Functional anatomy of the porpoise larynx
Article first published online: 3 FEB 2005
Copyright © 1973 Wiley-Liss, Inc.
American Journal of Anatomy
Volume 138, Issue 2, pages 151–163, October 1973
How to Cite
Blevins, C. E. and Parkins, B. J. (1973), Functional anatomy of the porpoise larynx. Am. J. Anat., 138: 151–163. doi: 10.1002/aja.1001380203
- Issue published online: 3 FEB 2005
- Article first published online: 3 FEB 2005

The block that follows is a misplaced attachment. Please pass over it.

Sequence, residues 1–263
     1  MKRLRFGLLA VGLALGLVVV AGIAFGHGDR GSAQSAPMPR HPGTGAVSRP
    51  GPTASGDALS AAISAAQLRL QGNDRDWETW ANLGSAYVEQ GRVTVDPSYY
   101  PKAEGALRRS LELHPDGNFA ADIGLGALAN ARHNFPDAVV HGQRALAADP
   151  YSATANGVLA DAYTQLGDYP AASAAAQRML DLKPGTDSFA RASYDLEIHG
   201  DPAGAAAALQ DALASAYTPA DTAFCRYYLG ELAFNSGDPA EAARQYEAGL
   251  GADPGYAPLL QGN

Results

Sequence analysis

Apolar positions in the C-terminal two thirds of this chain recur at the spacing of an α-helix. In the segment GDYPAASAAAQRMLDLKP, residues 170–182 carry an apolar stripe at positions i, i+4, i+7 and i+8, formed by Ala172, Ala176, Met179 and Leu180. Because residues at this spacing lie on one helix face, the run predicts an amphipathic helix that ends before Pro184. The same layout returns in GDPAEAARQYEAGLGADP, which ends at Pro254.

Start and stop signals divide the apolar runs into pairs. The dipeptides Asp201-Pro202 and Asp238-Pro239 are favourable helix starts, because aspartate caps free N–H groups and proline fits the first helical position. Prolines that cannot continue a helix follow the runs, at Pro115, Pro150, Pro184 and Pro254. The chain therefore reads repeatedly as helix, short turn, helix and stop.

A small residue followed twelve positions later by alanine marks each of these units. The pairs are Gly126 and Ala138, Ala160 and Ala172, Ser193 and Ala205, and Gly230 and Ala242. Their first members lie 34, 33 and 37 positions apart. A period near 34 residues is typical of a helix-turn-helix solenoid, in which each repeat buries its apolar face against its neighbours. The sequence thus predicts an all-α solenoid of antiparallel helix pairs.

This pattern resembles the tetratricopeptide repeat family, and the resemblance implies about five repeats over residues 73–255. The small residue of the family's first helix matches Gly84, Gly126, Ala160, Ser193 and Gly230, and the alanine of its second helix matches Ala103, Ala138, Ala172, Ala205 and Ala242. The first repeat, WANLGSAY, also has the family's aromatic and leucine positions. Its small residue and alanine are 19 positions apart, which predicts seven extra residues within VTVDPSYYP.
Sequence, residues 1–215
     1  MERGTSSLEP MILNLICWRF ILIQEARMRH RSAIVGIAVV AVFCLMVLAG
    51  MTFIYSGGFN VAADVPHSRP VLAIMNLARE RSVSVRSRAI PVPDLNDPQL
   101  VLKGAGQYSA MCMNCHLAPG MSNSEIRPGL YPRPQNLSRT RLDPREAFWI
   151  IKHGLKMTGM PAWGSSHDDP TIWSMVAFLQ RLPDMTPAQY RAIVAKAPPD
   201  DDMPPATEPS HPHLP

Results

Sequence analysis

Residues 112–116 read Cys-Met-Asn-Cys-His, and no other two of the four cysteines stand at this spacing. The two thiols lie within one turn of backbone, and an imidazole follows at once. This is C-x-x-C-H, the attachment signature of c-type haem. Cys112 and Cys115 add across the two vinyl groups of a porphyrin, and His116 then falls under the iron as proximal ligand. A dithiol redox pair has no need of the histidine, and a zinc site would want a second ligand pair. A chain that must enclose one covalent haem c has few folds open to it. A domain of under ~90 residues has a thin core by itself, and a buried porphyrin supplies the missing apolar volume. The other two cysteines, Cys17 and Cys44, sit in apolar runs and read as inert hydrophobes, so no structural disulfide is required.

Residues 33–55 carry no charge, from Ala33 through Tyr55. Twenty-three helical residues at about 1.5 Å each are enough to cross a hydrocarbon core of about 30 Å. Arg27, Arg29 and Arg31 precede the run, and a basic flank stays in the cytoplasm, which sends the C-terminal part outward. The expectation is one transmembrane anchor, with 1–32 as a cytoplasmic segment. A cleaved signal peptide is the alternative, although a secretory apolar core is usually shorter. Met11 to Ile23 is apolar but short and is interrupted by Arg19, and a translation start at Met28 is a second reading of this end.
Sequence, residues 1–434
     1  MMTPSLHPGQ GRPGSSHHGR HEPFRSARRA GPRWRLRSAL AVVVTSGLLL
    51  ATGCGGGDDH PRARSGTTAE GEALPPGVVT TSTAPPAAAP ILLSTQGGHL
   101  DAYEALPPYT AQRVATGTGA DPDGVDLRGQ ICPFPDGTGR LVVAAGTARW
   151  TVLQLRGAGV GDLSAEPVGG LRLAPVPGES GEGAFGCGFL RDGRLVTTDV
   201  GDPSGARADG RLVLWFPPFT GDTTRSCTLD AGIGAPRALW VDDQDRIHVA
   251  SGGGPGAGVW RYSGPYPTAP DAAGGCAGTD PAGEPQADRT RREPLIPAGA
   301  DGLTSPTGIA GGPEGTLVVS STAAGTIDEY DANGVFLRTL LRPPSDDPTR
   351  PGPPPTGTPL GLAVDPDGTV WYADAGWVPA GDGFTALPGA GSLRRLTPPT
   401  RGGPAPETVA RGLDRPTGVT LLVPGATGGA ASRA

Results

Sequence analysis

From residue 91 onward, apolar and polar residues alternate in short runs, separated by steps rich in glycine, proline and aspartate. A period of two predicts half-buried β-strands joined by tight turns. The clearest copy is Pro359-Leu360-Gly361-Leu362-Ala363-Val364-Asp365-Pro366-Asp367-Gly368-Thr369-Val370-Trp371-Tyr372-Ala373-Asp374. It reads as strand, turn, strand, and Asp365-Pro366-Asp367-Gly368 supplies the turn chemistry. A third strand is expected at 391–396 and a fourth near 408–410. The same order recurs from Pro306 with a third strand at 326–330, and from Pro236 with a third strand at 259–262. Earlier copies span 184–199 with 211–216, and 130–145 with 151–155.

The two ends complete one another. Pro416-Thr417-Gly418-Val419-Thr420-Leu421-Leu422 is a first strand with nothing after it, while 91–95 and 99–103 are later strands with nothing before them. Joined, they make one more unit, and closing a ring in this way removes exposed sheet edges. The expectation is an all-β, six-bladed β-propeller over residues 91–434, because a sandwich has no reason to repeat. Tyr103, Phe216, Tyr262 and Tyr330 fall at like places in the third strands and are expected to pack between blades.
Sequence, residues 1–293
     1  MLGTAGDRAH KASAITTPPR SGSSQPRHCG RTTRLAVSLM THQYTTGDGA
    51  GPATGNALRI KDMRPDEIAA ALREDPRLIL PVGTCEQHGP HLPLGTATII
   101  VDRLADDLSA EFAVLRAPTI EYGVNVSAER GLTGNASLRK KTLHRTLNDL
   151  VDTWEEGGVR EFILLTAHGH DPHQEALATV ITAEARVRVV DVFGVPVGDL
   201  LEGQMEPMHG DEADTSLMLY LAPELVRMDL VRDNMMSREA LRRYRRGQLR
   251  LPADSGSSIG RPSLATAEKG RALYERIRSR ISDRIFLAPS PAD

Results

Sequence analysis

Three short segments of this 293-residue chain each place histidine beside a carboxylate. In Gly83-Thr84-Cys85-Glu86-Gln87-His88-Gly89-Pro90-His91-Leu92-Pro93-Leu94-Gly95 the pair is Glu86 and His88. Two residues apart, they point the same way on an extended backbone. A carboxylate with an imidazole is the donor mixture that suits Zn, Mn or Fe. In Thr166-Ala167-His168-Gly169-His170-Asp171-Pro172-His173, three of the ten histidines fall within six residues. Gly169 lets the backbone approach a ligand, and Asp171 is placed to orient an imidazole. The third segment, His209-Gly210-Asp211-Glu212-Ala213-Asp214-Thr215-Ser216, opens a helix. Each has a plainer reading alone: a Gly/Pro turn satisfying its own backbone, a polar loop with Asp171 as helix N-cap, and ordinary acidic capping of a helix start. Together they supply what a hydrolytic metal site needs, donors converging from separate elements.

This paper describes the anatomy of the larynx of an echolocating porpoise and proposes a limited role for that organ in vocalization. Gross dissection of the larynx of the bottle-nose porpoise Tursiops truncatus reveals the features of component cartilages, muscles and joints. Arytenoid, cuneiform, and corniculate cartilages are present as an incompletely fused cartilaginous unit with each cartilage being identifiable by slight clefts of demarcation. The arytenoid cartilages are freely movable on the cricoid cartilage as a prerequisite for opening and closure of the larynx. Despite the lack of vocal folds to produce a wide range of sounds, it is proposed that the larynx of this species can produce clicks and is partially responsible for whistles.